Plaster of Paris.
This material is kept close to my heart. Whether it’s painting cookie monster as a kid, casting and painting cats with my brother or being the only one the teacher entrusted to mix the plaster properly in sculpture class in college.
I’ve been looking for months for plaster of Paris, which suddenly disappeared from the store I used to buy it. Today I walked down to the hardware store, and brought a kilo bag of it.
I have a couple of tips, that I’ve learned, to share. First off, mixing. If you’re mixing a big batch, the best way to mix is in a giant bowl with your hand. It’s useful to have two people, as you do not want any moisture getting near the plaster bag. Fill the bowl with about a third to half of cold water. Moving very gently back and forth with your hand, add a small amount of plaster at a time. Wait for it to dissolve before adding more. Move slowly, so you avoid making bubbles. The mixture will be ready when you lift your hand out of the mixture and it will be covered with a slightly thick milky film. Once the mix is ready, you’re ready to create. You can either create a mould for clay, take a cast of a mould or pour into a disposable container for carving. When taking or creating moulds, the best way to get details is to use an old paintbrush to coat the area where the plaster will be going while it’s still runny. Once coated, get a plastic spoon and spoon it gently onto your project. If you time it right, it’ll probably be getting thick towards the end of the process. Try to make more than you’ll need, I’m not sure that adding layers of varying degrees of set plaster would be as strong. Plaster can be sanded and carved with ease. It is quite heavy, so unless your pieces are tiny, they may not be suitable for cards or paper crafting. I’m planing on gluing mine to a wooden box to decorate it for a friend. Plaster of paris is porous, so doesn’t need any preparation before painting. It’s an all round excellent medium to work with for all ages and skill levels.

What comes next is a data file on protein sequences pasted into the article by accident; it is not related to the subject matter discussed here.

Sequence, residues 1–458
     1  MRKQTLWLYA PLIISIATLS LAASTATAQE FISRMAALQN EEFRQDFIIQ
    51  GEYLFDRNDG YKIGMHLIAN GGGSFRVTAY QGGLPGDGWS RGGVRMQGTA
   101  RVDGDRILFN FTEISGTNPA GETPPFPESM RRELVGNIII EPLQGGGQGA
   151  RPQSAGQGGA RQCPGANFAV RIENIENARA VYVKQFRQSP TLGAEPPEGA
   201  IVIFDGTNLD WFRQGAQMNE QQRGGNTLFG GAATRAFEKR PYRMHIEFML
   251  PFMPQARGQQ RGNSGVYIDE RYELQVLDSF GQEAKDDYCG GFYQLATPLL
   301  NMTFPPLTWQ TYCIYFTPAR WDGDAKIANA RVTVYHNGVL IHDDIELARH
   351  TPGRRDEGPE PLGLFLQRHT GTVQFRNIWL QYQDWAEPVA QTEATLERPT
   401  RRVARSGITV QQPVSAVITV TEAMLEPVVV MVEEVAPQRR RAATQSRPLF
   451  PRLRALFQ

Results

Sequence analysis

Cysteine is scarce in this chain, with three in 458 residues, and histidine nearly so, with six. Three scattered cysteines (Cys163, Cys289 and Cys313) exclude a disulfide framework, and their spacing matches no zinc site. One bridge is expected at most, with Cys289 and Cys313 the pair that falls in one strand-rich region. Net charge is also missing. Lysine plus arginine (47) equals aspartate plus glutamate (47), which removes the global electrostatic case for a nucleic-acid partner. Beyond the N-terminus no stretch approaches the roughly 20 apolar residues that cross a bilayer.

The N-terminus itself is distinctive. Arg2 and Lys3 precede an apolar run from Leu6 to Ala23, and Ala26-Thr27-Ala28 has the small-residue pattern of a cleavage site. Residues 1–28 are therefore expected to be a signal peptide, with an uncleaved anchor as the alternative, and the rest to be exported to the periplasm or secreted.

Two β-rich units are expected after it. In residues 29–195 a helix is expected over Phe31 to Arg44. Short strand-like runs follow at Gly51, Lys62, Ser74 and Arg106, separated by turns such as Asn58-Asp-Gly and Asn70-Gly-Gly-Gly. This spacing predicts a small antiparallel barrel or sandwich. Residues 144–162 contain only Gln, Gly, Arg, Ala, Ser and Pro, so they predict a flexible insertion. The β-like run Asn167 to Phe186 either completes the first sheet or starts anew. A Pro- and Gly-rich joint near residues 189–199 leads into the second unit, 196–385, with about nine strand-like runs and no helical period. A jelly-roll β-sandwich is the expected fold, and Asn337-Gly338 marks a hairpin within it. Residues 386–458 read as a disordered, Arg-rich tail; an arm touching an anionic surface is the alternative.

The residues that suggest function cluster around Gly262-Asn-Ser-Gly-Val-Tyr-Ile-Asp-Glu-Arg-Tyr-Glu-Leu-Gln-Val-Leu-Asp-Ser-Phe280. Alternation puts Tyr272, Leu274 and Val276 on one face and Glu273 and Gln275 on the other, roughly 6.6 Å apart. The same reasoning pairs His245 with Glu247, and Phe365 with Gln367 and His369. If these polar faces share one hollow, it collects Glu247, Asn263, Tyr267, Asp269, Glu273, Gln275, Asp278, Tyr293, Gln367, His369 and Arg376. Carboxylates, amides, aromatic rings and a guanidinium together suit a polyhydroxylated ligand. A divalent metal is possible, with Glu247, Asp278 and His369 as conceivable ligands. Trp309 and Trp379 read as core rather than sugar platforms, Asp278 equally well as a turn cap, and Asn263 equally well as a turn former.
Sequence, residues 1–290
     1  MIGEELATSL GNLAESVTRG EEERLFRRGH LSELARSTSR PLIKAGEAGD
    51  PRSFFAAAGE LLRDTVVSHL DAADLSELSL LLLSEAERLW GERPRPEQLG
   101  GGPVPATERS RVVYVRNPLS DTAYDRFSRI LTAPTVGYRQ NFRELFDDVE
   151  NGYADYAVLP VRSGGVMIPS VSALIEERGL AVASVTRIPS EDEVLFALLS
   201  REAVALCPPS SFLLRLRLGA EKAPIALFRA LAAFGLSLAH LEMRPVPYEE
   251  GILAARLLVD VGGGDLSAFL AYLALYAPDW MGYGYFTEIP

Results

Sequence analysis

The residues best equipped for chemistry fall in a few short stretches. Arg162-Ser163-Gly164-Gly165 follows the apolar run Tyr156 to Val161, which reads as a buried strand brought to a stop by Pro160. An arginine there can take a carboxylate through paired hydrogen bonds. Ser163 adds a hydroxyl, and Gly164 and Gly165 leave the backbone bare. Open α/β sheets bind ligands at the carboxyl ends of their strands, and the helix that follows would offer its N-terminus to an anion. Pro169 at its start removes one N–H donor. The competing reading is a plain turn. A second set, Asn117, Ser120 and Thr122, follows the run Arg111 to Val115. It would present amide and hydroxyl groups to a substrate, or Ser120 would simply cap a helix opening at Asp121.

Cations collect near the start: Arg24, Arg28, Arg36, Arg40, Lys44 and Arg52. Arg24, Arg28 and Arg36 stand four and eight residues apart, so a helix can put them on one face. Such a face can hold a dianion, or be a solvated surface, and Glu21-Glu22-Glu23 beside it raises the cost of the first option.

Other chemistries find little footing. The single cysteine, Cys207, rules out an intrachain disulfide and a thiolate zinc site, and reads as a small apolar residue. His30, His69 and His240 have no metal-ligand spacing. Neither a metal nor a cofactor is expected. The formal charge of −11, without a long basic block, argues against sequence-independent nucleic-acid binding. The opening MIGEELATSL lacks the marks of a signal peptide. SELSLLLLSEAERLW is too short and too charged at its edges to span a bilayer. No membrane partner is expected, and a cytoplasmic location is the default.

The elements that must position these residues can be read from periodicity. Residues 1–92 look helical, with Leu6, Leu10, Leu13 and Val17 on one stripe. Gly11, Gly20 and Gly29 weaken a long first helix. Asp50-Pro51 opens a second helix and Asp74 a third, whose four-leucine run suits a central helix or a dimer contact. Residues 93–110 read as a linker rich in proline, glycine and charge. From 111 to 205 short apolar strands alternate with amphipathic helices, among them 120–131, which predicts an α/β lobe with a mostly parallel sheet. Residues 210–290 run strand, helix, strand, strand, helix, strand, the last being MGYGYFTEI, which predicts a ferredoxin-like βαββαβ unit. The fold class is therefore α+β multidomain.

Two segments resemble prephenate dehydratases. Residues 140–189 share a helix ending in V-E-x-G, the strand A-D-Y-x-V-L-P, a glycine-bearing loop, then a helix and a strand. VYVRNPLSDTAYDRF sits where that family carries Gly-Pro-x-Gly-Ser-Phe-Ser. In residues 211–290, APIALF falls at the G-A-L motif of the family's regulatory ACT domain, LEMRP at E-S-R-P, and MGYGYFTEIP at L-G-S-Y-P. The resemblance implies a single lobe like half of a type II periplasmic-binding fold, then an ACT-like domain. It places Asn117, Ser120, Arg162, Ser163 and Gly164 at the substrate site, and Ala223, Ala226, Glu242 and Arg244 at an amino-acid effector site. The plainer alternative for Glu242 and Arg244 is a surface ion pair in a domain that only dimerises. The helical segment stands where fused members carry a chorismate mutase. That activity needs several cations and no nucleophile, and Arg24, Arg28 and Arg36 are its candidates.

10/10 would recommend.